HTC One A9 featured a 5” Full HD AMOLED display. As we all know AMOLED is known for their very vibrant colour mode. The display on the One A9 looks about the same. However, if you don’t like the vibrant looking colour, you have the option to opt out for a typical wash out LCD (sRGB) colour mode.
With 441 PPI, you wouldn’t have to worry about seeing the pixel on the screen. It is crystal clear and you won’t notice any pixels on the screen unless you’re peeping it with microscope or macro lens. The brightness works well under the bright sun as well. I usually just set the brightness to auto mode with the slider right in the middle, and it will automatically bumped the brightness as high as it can under the sun. If I feel like I need a little more bump, I can manually add the brightness by adjusting the slider towards the right side to significantly increase the screen brightness. However, along the period I’m using it, I don’t really need to do so.
Around the display, you’ll get the very nice looking yet fragile 2.5D glass. I have to say if you plan to own this device, you must get a case with it else you’ll risk shattering the front glass panel. Although is covered with Gorilla Glass, it is not shatterproof, and given curvy glass sides, it make it ten times more fragile than it is.
If you’re used to HTC devices, you probably accustomed to the out of the screen capacitive buttons, but for this device the navigational buttons are located in the display itself so you’ll have to sacrifice portion of the 5” display like the other Android devices out there.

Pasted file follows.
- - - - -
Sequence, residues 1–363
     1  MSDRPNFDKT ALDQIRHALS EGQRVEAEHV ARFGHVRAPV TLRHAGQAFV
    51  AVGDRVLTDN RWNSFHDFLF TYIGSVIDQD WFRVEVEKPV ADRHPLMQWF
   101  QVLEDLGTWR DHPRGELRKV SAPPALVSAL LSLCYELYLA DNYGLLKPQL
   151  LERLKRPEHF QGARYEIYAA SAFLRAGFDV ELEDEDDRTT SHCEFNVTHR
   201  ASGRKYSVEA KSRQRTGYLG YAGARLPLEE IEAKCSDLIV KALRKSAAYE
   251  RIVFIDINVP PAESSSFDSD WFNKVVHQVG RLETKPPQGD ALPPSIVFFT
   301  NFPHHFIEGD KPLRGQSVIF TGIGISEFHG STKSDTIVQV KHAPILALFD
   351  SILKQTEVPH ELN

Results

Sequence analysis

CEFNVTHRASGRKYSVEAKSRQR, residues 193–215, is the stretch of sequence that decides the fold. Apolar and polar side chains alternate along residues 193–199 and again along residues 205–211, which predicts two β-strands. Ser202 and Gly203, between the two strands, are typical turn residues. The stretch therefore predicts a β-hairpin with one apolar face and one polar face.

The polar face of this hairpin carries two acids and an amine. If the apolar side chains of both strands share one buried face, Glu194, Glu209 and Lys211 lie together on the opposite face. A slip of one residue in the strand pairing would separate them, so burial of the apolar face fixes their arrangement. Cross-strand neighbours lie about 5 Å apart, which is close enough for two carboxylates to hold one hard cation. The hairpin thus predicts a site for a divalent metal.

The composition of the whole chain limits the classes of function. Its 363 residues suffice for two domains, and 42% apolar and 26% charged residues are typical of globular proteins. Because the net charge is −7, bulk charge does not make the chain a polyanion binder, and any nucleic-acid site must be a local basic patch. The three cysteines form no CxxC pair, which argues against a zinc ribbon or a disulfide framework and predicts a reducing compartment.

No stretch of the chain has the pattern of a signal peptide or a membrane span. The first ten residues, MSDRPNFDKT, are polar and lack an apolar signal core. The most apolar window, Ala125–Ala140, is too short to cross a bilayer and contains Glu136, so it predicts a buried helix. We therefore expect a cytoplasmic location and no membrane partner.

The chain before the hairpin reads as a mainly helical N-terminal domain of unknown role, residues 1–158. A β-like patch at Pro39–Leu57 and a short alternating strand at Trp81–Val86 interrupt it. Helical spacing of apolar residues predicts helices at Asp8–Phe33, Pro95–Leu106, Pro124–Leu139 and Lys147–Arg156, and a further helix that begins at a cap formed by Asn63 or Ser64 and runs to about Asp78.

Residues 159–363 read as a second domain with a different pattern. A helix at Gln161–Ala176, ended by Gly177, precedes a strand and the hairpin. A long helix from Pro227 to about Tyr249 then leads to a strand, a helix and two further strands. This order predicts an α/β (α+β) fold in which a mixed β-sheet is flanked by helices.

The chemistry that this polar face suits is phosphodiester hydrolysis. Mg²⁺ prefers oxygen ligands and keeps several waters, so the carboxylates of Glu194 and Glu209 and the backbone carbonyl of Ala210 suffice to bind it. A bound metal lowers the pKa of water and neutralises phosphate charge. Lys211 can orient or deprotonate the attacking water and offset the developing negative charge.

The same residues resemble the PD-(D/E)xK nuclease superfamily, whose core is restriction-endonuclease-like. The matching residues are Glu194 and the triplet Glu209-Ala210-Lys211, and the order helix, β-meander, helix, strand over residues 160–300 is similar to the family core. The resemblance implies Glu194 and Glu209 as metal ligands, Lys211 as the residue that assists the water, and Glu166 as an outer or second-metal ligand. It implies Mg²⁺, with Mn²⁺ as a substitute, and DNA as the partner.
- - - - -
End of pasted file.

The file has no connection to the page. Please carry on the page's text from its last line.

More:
How is the camera for a mid-range phone? It is good. The back camera can capture image at 13 MP at f/2.0. For a mid-range phone, the aperture of the back camera is pretty big. It has bigger aperture than the camera on iPhone 6S. Having a big aperture lens is a big plus especially if you’re taking low light photos. The kicker for the phone is not just the big aperture, but it also feature an OIS (optical image stabiliser) which will help a hell lot more when taking night shots. It will reduce the motion blur made by your hands and give you a cleaner image. It’s rare to see such feature in the device of this range. The camera also feature a true-tone (dual-tone) flash to make sure your night photo with flash won’t look too white or overexposed.
Aside all the goodness, I always love a very well positioned camera, and the One A9 is one of them. The back camera is position right in the middle of the back body. It will ease you to compose and position your phone properly before taking a shot. I’m not sure if this applied to all of you out there, but I always take a long time to position properly if the camera is at the side of the back body. Even a tiny slant will irk me when I’m trying to compose my shot. Having the camera in the middle helps a little because what you see on the screen is symmetrical to what the camera sees. You won’t need to compensate the lens being off-position from your viewfinder.
The front camera isn’t half as back too. It has the same big aperture as the back camera and it has a wider viewing angle too. It’s a good camera for selfie or even a group selfie. The front camera has face exposure detection, when the camera will determine the proper exposure for your selfie just to make sure your selfie were exposed correctly. Both front and back camera has the capability to shoot video at 1080P at 30 fps.
The camera software has pretty nifty stuff in it too. First, you’ll have the option to shoot photo in pro mode. In this mode, you can tweak the settings to your liking and utilising the new camera API in Lollipop, you can capture your photo in RAW mode. Noted that if you’re shooting in RAW mode, you might sacrifice more memory space due to huge RAW file size. You still can edit your RAW photos in the phone itself, but if you want to utilise the massively detailed images, you’ll need to transfer it to your PC and use powerful imaging software such as Photoshop etc.